Thanks to my friends at the Bay Area Editors’ Forum, I just learned of a great Wired.com article called “What’s Up With That: Why It’s So Hard to Catch Your Own Typos.” The article offers some of the science behind that all-too-common malady.
The piece quotes psychologist Tom Stafford, a researcher at the UK’s University of Sheffield: “When you’re writing, you’re trying to convey meaning. It’s a very high-level task.” And your brain temporarily concentrates on that task to the exclusion of other ones, such as accurate typing.
Essentially, when you’re writing you’re in what I call the “creative” phase. And well you should be! Get it all out and do your best to say what you want to say.
Then switch to the “editing” phase. You can find lots of advice about that in a former blog post of mine HERE. Here’s one of those tips: Continue reading
A thank you letter can be either an administrative exercise or a powerful way to connect with your donors. If it is done right, it will increase the likelihood that donors will continue to give, and say yes when you invite them to get more involved. On this podcast we discussed 6 jobs that a thank you letter does, as well as several attributes of a good thank you letter.
We also reviewed these 5 Sample Thank You Letters and pointed out strengths and weaknesses.
Our Special Guest was Paul Jolly of JumpStart Growth. Paul worked as a fund raising professional for over 20 years before starting the consulting firm Jump Start Growth. He began his career serving several Quaker institutions in one-person development offices, then moved to The Wilderness Society, where he was a one of six major gift officers. His last job before launching Jump Start Growth was at the American Civil Liberties Union of Maryland. In every instance, he has zeroed in on gifts from individuals at the top of the giving pyramid. The focus of Paul’s consulting work is bringing sophisticated major gifts fund raising practices to organizations that are ready for dramatic expansion. His successes include leading three capital campaigns for organizations new to major gifts fund raising, securing millions of dollars in bequest and planned gift commitments, and bringing a laser-sharp focus on donors and increased vitality to small development departments. He is a regular contributor to the Guidestar blog, and is a popular workshop leader. Paul has a BA in English from the University of Maryland and is a not-yet-published poet.
Special Offer: If you would like a copy of the two articles that Paul mentioned on the podcast (on Acknowledging Gifts and The Sequence of Prospect Cultivation), please email him at: email@example.com.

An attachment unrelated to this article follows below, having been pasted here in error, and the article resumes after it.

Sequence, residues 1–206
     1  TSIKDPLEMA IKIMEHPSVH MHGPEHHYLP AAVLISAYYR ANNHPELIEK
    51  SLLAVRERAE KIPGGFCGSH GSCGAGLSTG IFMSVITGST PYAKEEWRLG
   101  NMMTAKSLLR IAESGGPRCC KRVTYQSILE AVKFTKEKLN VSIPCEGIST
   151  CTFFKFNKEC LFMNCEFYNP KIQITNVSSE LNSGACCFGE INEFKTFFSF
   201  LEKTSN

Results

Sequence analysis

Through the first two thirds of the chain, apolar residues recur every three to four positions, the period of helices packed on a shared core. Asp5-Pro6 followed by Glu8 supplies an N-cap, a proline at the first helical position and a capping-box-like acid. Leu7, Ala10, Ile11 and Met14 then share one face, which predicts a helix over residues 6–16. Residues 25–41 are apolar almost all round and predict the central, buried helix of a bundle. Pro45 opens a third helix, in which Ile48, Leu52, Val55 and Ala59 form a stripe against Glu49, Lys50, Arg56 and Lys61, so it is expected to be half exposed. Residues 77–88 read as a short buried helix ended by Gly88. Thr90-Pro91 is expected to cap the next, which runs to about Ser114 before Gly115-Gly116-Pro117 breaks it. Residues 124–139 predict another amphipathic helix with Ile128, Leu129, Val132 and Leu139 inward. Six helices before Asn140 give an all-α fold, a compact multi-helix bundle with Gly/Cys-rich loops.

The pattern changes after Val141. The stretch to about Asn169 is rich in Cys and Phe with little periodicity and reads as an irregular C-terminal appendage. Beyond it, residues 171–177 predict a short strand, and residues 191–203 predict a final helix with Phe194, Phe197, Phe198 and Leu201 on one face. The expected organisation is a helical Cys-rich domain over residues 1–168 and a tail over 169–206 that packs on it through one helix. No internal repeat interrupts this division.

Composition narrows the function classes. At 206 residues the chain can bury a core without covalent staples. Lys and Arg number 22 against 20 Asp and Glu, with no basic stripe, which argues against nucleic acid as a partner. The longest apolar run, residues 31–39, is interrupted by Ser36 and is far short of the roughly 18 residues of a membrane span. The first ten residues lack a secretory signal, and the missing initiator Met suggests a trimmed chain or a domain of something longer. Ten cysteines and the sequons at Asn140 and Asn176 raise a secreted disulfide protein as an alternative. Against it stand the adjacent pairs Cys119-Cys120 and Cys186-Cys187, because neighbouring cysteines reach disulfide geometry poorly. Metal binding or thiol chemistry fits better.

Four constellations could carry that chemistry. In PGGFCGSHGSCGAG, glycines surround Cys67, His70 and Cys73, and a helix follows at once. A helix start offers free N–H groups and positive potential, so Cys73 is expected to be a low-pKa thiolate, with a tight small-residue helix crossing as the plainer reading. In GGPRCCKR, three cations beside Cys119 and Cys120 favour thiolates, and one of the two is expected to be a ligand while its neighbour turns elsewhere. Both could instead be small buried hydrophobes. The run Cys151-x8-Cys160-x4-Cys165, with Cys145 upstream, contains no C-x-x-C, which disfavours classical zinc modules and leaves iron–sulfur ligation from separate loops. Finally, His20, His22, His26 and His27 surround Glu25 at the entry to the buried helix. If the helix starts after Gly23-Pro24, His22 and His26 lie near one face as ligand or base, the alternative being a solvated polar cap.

Find the December 2014 podcast in the ARCHIVE.
Writing Wednesdays are your opportunity to get essential writing tips and advice on a wide range of documents you are asked to write. My goal is to help YOU improve your pieces and better engage your readers! You’ll hear from me each month, and sometime I am joined by a Special Guest who is also involved in “writing to make a difference.”
This month’s topic: Top 12 Traits of a Good Grantwriter
I’ve spoken to many people who either want to up their game as a grantwriter, or are thinking about entering the field. I’ve met them through my Grantwriter’s FastTrack Coaching Program or one of the many webinars, workshops, or keynotes I have presented in the last several years.
If you’re thinking along these same lines, ask yourself if you have the 12 characteristics it takes to shine.
Want to hear more? I went in depth on several of these traits in my recent keynote address on a similar topic.
Time. Everyone wants more of it, but it seems to slip away faster every year.
In your socially responsible organizations, time is the one commodity that may be even scarcer than money. And even if you are rolling in dough, I am sure you want to be as efficient as you can be.
Writing is a craft like any other: you need to take the time to develop your skills and hone your work into masterpieces. However, in our line of work, other pressing priorities—such as serving your clients, meeting new investors, or organizing your community around your issues—may seem much more urgent. Interestingly, though, all of those other tasks involve some kind of writing. So working on your writing efficiency can actually help you do all of your work faster.